Their enlargers along with Omega were frequently found in schools and rental labs; a great many students learned how to print on a Beseler enlarger. While not the least expensive, they are typically rugged, no-nonsense machines that are built to last. Beseler has a naming scheme for most of their enlargers which describes the features of the machine. I have a few of Instruction Manuals and brochures available for download.

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The 45 series was Beseler's flagship for decades. The "ladder" chassis design was unique and identifiable. They were big, sturdy and well made, and were a favorite along with Omega of schools.

The following appeared in the now-defunct Modern Photography magazine, April It was written by Myron Matzkin. Negative size : 16mm to 4x5.

Focusing : Autofocusing by parallelogram, wheel and cam system. Light source: watt opal lamp. Construction : Steel and extruded aluminum with pyramid structure and obelisk frame.

beseler enlarger bulb

Other features: Single set of condensers for all lenses, concealed counterbalance for crank-controlled up and down movement, horizontal projection, glassless negative carriers and wheel-mounted variable contrast paper filters. So we walked into the darkroom and there was this Beseler 45AF enlarger looking as solid and substantial as the Gantry cranes used for space rockets.

And then followed several pleasant days of print making in an attempt to test the Beseler on a strictly practical basis. The various frustrations that a wide variety of negatives can sneak into a darkroom bring out faults and virtues as no amount of dry run testing can.

We soon discovered that the appearance of strength and solidity engendered by the Beseler is real.

Enlarger Lamps

In a darkroom close by a studio used for various other Modern Tests, a few doors that open and close regularly, and surrounded by other vibration causing operations, the Beseler proved amazingly solid.

But the autofocusing mechanism in the Beseler is the feature that makes enlarging easier--and more enjoyable. A wheel mounted on an axle supported by two parallel arms fitted to the lower lens bellows rides on a long cam.

Once focused the lens remains focused for the negative no matter what change is made in the print size. As the wheel rides up and down the cam, the parallel arms raise and lower the lens stage, changing the distance between lens and negative, keeping the lens in focus for all enlargements.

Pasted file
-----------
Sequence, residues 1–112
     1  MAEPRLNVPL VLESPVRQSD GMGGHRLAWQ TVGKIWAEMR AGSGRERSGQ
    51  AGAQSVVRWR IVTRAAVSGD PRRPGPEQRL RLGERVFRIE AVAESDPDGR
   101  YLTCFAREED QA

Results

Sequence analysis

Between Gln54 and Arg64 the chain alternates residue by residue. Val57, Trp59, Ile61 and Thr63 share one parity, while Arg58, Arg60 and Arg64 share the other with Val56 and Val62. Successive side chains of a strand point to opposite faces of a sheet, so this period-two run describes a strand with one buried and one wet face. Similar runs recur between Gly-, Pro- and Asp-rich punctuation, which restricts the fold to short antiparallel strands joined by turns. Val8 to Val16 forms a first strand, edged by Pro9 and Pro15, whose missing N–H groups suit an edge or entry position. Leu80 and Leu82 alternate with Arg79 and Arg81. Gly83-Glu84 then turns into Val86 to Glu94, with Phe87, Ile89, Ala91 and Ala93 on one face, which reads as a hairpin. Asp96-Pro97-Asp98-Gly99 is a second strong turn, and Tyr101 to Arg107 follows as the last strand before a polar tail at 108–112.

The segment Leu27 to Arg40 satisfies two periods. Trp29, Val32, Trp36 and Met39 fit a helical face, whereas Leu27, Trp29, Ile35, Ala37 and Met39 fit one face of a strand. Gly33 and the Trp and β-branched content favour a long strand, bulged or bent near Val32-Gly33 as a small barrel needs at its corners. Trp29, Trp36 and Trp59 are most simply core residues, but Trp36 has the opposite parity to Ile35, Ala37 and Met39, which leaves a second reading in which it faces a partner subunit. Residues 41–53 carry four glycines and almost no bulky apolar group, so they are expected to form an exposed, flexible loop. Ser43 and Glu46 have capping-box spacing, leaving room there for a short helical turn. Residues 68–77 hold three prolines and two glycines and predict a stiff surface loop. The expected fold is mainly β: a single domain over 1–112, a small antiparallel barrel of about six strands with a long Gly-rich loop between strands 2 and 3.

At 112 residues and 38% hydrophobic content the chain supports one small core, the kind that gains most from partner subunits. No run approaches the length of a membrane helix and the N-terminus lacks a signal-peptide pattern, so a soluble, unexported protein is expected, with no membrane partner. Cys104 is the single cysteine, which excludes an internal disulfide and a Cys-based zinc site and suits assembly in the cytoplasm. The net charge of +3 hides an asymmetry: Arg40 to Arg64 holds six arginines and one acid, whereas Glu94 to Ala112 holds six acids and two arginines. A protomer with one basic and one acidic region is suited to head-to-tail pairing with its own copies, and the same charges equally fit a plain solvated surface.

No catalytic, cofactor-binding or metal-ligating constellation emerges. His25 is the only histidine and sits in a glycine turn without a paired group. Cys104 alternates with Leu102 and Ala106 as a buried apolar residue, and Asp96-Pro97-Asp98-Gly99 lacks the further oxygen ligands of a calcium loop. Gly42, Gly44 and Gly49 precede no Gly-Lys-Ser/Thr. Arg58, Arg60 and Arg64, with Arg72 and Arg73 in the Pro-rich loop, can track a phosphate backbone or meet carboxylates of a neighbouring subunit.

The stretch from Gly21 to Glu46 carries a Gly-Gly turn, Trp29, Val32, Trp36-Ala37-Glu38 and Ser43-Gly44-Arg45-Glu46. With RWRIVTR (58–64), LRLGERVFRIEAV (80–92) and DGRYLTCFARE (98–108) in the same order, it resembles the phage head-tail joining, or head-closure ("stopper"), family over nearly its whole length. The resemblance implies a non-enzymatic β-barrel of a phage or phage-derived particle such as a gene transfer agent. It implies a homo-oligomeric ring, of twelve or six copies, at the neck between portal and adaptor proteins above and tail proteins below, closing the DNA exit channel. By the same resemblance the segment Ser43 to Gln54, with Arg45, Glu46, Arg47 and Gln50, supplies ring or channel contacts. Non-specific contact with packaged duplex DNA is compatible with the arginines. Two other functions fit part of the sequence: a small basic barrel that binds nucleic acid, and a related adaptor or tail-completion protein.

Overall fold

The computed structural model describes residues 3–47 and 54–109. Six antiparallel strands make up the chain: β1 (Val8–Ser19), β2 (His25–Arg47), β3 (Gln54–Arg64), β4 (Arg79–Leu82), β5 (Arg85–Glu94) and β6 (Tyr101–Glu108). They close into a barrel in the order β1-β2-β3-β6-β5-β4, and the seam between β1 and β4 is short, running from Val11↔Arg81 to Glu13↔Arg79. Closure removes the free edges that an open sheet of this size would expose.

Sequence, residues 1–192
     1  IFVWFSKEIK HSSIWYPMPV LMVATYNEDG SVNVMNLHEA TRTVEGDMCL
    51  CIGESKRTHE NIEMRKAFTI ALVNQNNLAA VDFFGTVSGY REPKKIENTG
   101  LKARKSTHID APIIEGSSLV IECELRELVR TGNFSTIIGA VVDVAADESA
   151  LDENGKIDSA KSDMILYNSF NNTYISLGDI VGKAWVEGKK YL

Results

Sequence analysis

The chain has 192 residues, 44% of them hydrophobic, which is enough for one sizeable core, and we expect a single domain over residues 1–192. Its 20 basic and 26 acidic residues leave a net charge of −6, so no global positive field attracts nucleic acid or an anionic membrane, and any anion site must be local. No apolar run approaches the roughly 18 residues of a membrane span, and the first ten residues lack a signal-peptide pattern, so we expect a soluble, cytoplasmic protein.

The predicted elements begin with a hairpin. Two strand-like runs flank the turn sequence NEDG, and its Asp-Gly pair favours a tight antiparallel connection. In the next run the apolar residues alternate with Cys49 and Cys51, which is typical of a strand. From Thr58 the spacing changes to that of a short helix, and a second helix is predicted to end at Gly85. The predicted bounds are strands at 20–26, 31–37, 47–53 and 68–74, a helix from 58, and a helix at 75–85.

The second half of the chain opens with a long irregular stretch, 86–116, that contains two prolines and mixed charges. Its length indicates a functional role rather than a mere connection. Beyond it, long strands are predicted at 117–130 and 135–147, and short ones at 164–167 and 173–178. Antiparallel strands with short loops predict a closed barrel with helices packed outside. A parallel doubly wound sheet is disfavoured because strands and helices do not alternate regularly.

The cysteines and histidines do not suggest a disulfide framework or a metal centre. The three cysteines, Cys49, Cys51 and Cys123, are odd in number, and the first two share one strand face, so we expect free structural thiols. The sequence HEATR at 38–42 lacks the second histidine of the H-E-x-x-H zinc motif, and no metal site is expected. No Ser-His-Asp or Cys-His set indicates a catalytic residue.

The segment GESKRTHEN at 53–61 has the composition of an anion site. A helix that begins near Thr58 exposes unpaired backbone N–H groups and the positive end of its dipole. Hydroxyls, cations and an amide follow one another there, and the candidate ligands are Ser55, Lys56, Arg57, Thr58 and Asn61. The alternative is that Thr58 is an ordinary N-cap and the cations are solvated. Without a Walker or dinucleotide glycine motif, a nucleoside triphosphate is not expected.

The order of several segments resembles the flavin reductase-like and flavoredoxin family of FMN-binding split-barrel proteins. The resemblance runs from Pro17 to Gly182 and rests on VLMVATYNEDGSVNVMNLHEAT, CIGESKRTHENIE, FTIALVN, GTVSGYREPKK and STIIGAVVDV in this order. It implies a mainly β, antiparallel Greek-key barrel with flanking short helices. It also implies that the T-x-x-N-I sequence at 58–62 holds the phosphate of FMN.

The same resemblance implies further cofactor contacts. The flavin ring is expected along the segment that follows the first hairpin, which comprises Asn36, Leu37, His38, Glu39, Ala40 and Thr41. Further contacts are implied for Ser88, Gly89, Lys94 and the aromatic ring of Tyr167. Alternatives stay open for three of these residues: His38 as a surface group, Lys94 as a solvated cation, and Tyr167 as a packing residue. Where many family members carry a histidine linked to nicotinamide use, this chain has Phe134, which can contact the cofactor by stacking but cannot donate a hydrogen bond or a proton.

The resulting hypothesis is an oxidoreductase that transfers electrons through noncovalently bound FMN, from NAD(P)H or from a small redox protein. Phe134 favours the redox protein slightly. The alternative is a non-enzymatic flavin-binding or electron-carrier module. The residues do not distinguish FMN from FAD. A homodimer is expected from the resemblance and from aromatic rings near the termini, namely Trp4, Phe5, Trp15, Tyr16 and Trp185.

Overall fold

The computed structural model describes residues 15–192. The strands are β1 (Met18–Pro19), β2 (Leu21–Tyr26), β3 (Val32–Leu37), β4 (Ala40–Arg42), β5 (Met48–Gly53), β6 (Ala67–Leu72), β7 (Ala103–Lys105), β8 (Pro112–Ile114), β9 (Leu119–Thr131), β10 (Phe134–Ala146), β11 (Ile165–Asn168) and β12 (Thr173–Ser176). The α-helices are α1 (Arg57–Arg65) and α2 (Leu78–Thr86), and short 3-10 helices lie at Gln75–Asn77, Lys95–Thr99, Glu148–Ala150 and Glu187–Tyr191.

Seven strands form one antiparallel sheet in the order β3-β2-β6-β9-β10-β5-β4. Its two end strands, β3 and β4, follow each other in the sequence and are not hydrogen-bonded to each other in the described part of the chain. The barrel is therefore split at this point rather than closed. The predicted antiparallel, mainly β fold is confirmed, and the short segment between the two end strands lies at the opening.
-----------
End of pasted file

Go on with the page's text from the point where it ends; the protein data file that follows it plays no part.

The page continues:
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And if you can't get a large enough print the normal way, it takes only a few seconds to loosen two screws behind the lens stage and swing the entire enlarger into position for horizontal projection. One set of condensers does the job for all enlarging from 16mm to 4x5 with 50, 90, and mm lenses.

Cams, however, must be changed for each lens if you want to use the autofocus feature. Position of the condensers is changed to match the lens in use.

Indicators on the frame show correct position for the condensers for each frame. If we have a criticism of the Beseler it has to do with the negative carrier. We found that the small amount of play in the negative stage makes it possible to move the carrier sufficiently to change the corner to corner position of the image on the enlarging easel.The Charles Beseler Company was founded in as a manufacturer of a variety of products including inhalers, magic lanterns with oil lamps and stereopticons.

By the company had become an innovative audio-visual company serving the military and education markets. InBeseler entered the amateur and professional photography fields with the development of the 45 Series Enlarger and other darkroom products.

Today, the Charles Beseler Company continues to be the leading supplier of photographic darkroom equipment for the educational market. From enlargers and light sources to copy stands and easels, Beseler offers the highest quality photographic equipment, all backed by an experienced sales and service team.

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See why photographers have trusted our products for generations. Please click here for more information. A Beseler Customer Service Representative will review the request and contact you shortly. Beseler Photo conquers the Big Apple! If you were in New York City this past weekend, specifically Times Square, you may have come across one of our advertisements.

Premium Equipment. A Century of Trust. Equipment Overview. Light Sources. Copy Stands. Quality Beseler Photographic Parts. Beseler offers genuine parts for all of its photographic equipment. Our diagrams and parts lists make finding the right part easy. Trusted by major institutions of education and technology across the U. Some of the professional photographers who rely on the superior performance of Beseler Equipment.